Ooh la la – Paris

As an adult, when you plan a trip to Europe, you have a list of the Stuff You Want To See And Do, but kids usually don’t have that sort list and it’s frustrating when you want to involve them. “Come ON Francesca, what do YOU want to do when we’re in Maastricht? Hmmm?  Hmmm?”

Luckily when it came to Molly and Paris we didn’t have this problem: “I want to go up the Eiffel Tower”.

Of course I’ve been to Paris before, a few times during my last OE, but I’ve never been up the Eiffel Tower. Mainly because there’s lots of other things to do that don’t need you to queue for two hours. But when your kid actually comes up and says “While we’re in Town X, this is a thing I want to do”, you do it.

We went to France in the October school holidays and had four nights in Paris in a good apartment we found on AirBnB.

In terms of getting up the Eiffel Tower and avoiding the queues, I was happy to volunteer to leave the apartment at 7am, start queuing and then others could join me an hour later and by then we should be near the front. The problem was, on that first morning in Paris the weather was so hazy that from the Sacré Coeur you could hardly see the Eiffel Tower itself. With weather like that there would be no point going up there at all. So we walked around Montmartre, down towards the Louvre and Tuileries and bought tickets to go to the Louvre the next day. Yep, you can do that (there’s a gift shop near the Louvre that sells them) and that also saves you a bunch of queuing. Did I drag my kids to the Louvre? No way, I was dreading it! But when we got to the Palais du Louvre – with the intention of giving the kids a runaround in the courtyard – they looked through the glass panels near the side exits where you can see into the gallery and insisted they wanted to go. In saying that, they did also enjoy running around the fountains in the courtyard.

As an aside, I love that damn pyramid. For us in the 20th and 21st centuries, when it comes to most old and historical buildings, we’re reluctant to add anything new that might look “out of character”. But for many of these buildings, that’s exactly what happened throughout their histories. “You can barely see the medieval bit because in the Tudor period two new wings were added. Then it got a Georgian makeover in 1780 during which all the beautiful baroque ceilings were painted over – there’s only two left now…” You see where I’m going? So yeah, I love it that some Chinese guy walked into the middle of this 18th century Parisian palace and went, “You know what this really needs? A giant glass pyramid, right here.” And I love it even more that the French went, “You’re damn right. Let’s do it.”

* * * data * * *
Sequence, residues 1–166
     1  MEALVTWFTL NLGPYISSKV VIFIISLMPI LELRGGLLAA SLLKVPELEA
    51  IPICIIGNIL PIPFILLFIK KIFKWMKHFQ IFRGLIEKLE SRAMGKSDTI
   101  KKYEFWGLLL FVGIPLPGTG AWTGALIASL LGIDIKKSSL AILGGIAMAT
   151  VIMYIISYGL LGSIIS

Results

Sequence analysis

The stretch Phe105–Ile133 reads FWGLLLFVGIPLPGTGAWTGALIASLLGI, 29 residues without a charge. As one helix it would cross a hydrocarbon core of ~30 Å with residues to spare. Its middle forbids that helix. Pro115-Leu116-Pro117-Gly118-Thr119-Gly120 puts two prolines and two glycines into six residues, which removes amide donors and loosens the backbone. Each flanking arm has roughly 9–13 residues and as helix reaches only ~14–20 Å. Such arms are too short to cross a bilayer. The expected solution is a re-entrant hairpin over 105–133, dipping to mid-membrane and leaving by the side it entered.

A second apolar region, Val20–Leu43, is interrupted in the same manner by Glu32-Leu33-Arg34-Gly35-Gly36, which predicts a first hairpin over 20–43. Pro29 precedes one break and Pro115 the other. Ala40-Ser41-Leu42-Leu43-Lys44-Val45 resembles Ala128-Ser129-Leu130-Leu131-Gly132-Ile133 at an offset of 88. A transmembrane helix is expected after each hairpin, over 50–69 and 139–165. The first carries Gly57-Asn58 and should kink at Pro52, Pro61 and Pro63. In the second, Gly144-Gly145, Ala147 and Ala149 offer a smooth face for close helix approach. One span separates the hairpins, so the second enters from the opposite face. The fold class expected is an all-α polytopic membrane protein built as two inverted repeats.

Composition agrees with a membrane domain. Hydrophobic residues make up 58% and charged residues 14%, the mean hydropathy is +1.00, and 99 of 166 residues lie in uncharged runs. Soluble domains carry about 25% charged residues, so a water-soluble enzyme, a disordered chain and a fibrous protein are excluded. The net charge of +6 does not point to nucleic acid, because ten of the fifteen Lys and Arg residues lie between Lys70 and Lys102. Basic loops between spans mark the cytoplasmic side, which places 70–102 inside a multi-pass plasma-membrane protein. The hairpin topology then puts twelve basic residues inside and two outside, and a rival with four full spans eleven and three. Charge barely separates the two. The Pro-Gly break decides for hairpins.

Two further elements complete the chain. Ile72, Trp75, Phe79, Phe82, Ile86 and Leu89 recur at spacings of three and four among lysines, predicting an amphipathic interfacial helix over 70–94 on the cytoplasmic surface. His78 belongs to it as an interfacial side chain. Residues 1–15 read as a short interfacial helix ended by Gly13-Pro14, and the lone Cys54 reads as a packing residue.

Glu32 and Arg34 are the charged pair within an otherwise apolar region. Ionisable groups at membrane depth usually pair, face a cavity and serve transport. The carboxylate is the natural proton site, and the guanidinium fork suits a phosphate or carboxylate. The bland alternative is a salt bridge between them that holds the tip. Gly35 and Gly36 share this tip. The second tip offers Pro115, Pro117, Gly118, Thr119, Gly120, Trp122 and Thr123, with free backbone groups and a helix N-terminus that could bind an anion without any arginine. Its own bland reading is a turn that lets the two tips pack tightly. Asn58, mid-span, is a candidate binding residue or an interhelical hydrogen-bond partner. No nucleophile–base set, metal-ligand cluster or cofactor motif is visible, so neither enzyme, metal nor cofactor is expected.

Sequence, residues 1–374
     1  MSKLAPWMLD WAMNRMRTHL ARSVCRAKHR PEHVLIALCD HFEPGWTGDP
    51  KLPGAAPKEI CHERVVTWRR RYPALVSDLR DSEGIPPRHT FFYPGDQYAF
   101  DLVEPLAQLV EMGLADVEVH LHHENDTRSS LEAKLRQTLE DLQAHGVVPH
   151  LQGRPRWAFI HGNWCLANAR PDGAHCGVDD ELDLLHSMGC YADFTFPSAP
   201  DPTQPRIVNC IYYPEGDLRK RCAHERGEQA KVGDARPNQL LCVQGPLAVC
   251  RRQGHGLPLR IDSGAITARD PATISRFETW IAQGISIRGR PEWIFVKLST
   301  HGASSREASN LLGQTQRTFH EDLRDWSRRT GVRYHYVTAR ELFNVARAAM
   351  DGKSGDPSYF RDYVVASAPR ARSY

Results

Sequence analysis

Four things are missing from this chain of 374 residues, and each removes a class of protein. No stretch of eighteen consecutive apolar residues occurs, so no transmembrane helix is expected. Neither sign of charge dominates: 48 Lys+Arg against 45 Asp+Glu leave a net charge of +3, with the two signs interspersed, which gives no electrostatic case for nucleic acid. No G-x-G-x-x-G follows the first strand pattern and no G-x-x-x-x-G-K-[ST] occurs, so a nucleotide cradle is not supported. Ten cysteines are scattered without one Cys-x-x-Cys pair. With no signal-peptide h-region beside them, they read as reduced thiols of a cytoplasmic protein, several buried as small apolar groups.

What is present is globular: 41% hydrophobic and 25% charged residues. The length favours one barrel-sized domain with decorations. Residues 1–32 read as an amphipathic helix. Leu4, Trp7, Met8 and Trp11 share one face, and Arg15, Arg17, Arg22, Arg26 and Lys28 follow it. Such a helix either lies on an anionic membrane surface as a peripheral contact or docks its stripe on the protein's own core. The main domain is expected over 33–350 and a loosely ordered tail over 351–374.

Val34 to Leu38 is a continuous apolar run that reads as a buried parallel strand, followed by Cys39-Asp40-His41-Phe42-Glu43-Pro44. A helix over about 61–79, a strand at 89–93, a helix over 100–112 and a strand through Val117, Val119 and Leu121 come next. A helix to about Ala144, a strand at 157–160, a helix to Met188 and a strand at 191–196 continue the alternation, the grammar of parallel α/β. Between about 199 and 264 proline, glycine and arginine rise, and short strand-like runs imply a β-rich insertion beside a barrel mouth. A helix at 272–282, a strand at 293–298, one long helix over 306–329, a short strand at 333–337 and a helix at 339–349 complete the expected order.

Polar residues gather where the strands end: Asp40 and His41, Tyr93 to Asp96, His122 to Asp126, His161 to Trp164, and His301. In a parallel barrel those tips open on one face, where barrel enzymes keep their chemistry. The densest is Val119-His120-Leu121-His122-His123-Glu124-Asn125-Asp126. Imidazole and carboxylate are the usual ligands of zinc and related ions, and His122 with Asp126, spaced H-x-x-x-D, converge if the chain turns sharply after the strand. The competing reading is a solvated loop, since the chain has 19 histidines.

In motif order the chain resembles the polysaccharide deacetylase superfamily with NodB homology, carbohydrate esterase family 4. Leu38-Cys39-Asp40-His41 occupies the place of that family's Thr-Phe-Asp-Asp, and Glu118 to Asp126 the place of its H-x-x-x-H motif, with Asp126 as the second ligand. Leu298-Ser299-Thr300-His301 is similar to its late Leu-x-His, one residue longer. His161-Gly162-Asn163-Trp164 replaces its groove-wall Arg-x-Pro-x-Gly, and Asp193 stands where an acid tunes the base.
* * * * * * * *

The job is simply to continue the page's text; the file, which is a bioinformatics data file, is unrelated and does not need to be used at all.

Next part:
The haze also cleared up that afternoon, so we thought we’d see what the weather was like the next day after we’d been to the Louvre, and maybe give the Tower a shot.

The following day was hazy again, but the forecast said it would clear up. We went to the Louvre and I managed to keep Molly’s attention span up long enough to catch The Big Two (Mona Lisa & Venus de Milo), plus quite a few others. We particularly liked looking at the style of the paintings of Napoleon, and how Christ-like he appears when visiting the plague-stricken in Jaffa or the battlefield in Eylau on his white pony. We also enjoyed looking at the enormous Wedding Feast at Cana, and how Veronese, like many Renaissance painters, painted himself and a selection of his Renaissancy mates in there, supposedly in cameo roles, but still front and centre and the most brightly dressed. Cheeky bugger.

After the kids ran out of steam at the Louvre, we went outside and the haze had cleared up. Time to take a deep breath, head to the Eiffel Tower and start queuing.

We queued for two and a half hours before we got into the elevator. The queues run from each of the tower’s four legs (if you like) into the middle area right underneath the tower. Molly and I left Joe and Jack in the queue to do a sandwich run, we were gone about half an hour, and when we got back for some reason the queue – like, the whole queue – had moved! We had no idea where Joe and Jack were and walked up and down for another nerve-wracking 15 minutes hoping they hadn’t somehow gone up the tower already!

The view from the tower was pretty amazing. Obviously it was late afternoon by the time we got there and we watched the sun setting over that unique Parisian skyline. We knew the tower’s lights came on at 6pm and we thought it would be cool to get down in time to watch them come on. But just as we had no power of how long we would queue to get up, it was the same to get down. In fact what happened was we were actually in the lift going down on the stroke of 6pm – so in effect we were right amongst the lights as they went on. The whole lift carriage went, “OOooooh!” it was pretty cool!

The next day started hazy and stayed that way, so we were lucky we went up when we did. We went past Notre Dame, met some friends for a lovely cozy lunch and the next day set off for Le Quesnoy and Belgium.

Us outside Sacré Coeur at Montmartre
Us outside Sacré Coeur at Montmartre
Three things I love: Jack, Molly and that pyramid
Three things I love: Jack, Molly and that pyramid
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View from the Eiffel Tower
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View of us having a view from the Eiffel Tower
Lit up in the early evening
Lit up in the early evening
Place de la Concorde, with one of those "how did they get that here" obelisks from Egypt
Place de la Concorde, with one of those “how did they get that here” obelisks from Egypt
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The four of us on a bridge over the Seine, near Ile de la Cite.
Looking down Champs Elysees at the Arc de Triomphe
Looking down Champs Elysees at the Arc de Triomphe


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